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Another Vulnerability, Another Scramble for Patching - This Time Fortinet



Fortinet is disclosing another critical vulnerability in its SSL-VPN service (CVE-2024-21762). A typical part of next-gen firewall (NGFW) functionality, the problem with SSL-VPN services is that they are by definition exposed as listeners on the public internet. This makes them sitting ducks for threat actors targeting zero-days.


As usual in such cases, the vulnerability enables unauthenticated attackers to remotely execute code through maliciously crafted requests. This allows them quick exploitation without user interaction, typically followed by device takeover and lateral movement, finally leading to ransomware and other compromises.


Although the vulnerability is not yet used by ransomware operators and no public proof-of-concept exploitation code is known, this appears to be just a matter of time: Fortinet is warning the bug is already potentially being exploited in the wild, and U.S. CISA has included it into its Known Exploited Vulnerabilities Catalog.


A preferred way to gain a foothold


Vulnerabilities in public facing devices are becoming a critical part of threat actor's attack chain. So no wonder these are being exploited more then ever before, with virtually no time between disclosure and exploitation in the wild. The recent 12 months or so saw a flurry of such vulnerabilities, from Fortinet, Ivanti, over Citrix and Juniper to Cisco VPN.


In its recent report, the U.S. CISA is warning against Chine sponsored threat actors (Volt Typhoon) now having persistent access to many critical infrastructure organizations. Their preferred technique to enter organizations? Vulnerabilities in public facing devices, of course, SSL-VPN being the main target.


Worryingly, Fortinet is also confirming this in its recent advisory, highlighting Volt Typhoon's preference for Fortigate devices. Fortinet goes on to say: "Our own research, conducted in collaboration with our customers, has identified that the Volt Typhoon campaign uses a variety of tactics, techniques, and procedures (TTPs) to gain access to networks, including a widely used technique known as “living off the land” to evade detection. The campaign appears to use vulnerabilities for which patches exist [!]".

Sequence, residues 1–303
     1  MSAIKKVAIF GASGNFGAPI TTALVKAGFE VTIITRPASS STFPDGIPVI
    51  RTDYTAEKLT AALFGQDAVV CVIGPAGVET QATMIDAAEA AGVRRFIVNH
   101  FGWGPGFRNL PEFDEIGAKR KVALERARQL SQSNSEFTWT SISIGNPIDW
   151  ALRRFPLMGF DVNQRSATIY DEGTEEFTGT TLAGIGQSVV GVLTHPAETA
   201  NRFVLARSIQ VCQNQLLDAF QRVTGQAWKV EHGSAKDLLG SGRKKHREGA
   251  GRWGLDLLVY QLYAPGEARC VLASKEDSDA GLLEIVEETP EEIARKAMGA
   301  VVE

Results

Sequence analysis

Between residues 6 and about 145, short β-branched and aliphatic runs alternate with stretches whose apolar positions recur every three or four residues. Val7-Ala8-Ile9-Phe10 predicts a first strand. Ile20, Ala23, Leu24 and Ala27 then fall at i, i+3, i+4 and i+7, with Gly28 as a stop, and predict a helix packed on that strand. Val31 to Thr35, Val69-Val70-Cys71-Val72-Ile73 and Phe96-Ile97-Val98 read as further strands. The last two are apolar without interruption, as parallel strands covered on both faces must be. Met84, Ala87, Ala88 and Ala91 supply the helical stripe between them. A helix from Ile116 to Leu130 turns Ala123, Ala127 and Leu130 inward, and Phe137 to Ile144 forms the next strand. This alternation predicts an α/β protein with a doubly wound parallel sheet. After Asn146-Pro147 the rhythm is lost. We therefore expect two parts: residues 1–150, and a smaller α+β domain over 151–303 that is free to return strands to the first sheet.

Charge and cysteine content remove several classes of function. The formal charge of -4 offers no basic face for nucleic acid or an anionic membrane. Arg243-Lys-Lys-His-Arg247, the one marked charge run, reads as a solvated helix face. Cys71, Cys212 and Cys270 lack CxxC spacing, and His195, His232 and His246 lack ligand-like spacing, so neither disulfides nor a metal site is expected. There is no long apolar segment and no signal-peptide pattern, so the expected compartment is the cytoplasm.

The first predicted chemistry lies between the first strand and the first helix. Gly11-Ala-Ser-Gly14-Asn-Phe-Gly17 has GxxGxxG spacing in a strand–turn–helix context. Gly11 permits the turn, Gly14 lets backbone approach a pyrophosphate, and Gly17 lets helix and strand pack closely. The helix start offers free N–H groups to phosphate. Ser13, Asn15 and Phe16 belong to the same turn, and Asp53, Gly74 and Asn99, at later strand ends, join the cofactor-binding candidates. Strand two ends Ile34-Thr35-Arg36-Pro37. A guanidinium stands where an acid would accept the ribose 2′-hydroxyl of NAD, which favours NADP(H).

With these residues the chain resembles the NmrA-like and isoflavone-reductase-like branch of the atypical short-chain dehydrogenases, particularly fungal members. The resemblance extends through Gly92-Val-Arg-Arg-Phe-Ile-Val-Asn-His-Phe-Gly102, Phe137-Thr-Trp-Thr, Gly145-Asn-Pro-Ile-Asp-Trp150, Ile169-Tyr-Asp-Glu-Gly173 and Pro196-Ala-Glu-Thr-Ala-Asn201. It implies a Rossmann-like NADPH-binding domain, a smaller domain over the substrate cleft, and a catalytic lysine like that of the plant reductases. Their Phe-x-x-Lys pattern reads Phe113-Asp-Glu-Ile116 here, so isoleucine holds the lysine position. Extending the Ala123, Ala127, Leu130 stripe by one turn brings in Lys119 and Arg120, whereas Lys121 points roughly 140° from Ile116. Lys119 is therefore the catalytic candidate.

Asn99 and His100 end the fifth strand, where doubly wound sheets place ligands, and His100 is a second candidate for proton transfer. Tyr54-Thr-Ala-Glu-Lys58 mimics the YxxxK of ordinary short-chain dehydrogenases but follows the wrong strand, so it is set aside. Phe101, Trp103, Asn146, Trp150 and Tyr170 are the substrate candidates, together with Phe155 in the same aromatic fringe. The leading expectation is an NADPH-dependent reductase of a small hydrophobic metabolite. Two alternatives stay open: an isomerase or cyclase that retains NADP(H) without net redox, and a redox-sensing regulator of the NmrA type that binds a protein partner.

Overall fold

Is rushing for patching a viable strategy for the future?


Of course, Fortinet's advice is expected in this most recent case: immediately patch or disable the SSL VPN feature within the firewall.


Yet there seems to be a disconnect: many customer devices are sitting exposed on the internet even months after patches are released.

See this example of Fortinet devices in the Adriatic region, following last June's critical vulnerability (also affecting SSL-VPN): even after a month, over 50% of publicly exposed devices were still unpatched!


One wonders how much time will elapse this time, before the latest vulnerability is patched on most devices?


The threat actor's focus on SSL-VPN is understandable: all organization nowadays need to enable remote access for users to consume applications within its infrastructure. Yet exposing a device on the public internet on a do-it-yourself basis now looks more and more risky.


Vendors are now aware of this, so that's why they are now offering a modernized VPN access topology called Secure Access Service Edge (SASE), which is effectively delegating remote access to vendor managed infrastructure, consumed as SaaS.

This managed infrastructure is monitored centrally and kept up-to-date by the vendor (this means the incentive to patch in now clearly on the vendor).


If you want to mitigate the current risks inherent in public facing devices, especially remote access infrastructure, SASE is definitely the model for the future.


Example SASE Architecture from Fortinet
Example SASE Architecture from Fortinet

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